Kirk Herbstreit talks CFB contingency plans, says football in spring would be 'last-ditch effort'
We’re nearing the end of April and it’s still unclear how the COVID-19 pandemic will affect the college football season. As we already know, though, decision-makers within the sport are putting every single option on the table right now.
Billions of dollars are at stake when it comes to having a college football season. Jobs, opportunities, sports programs and athletic departments could be wiped out at several schools across the country if the 2020 season isn’t played. There’s too much on the line for commissioners and athletic directors to sit idly by right now.
On a recent conference call, Kirk Herbstreit was asked about some of the contingency plans that are being discussed among those decision makers in college football.
“If everything’s OK, status quo, show up on campus in July, two-a-days, regular season, here we go, that’s the first contingency,” Herbsrtreit said, according to The Detroit News. “Then they build it all the way back, the second, the third, the fourth (contingencies), all the way back to the willingness to start in late February or March, turning it into a spring sport and playing in March, April and May and playing postseason in June, which would be, I think, a last-ditch effort, which just proves how willing the administrators are with the NCAA and the conference commissioners and the ADs and the presidents to have a college football season.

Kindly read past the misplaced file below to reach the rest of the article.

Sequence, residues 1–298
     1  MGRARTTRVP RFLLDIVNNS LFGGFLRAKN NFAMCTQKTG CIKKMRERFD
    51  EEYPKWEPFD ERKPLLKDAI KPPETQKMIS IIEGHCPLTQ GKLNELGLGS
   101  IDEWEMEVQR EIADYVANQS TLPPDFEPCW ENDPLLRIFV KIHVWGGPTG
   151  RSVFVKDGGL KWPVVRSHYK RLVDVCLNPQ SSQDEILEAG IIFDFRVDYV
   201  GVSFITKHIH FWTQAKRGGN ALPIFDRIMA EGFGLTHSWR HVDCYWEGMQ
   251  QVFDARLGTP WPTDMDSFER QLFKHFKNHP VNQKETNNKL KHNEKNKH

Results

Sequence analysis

“They’re going to do everything they can if it comes to that extreme to be able to potentially have a 2020 season. A lot of this is kind of a feeling out process, and we’re just going to wait to see what the data shows. I’m going to turn on the TV (now) and I’m sure something new has happened with how to get a test for this and what makes the most sense in taking care of the athletes and making sure we don’t send them back just because we’ve got to make our bottom line. Next thing you know, somebody gets it and dies. You imagine what would happen to the NFL or college football if they hurried back and a player or a coach or a referee or somebody gets this virus and dies? That’s something they’ve got to think about and they obviously want to avoid.”
Playing an entire college football in the spring has become one of the trending contingency plans in the media. It would be an incredibly difficult task, though.
A spring season would interfere with the NFL Draft process, while also creating a health and safety issue for players. Assuming the 2021 season would continue as scheduled in the fall, teams could play between 24-30 games in less than a calendar year.
Herbstreit admitted it would be a challenge, but it may be a realistic option to ensure the season is played.
“Can you imagine? How bizarre would that be?” Herbstreit said. “It just goes to show you how far we are willing to go to get our football. But this is desperate measures. We are all in uncharted waters. We’re in a world we’re trying to adjust every day to and being quarantined. If it means we have to push it back to starting in December, starting in January or starting in February or March, then so be it. Then that’s what has to happen.”
Many are speculating that some kind of decision about the college football season will be made by late May.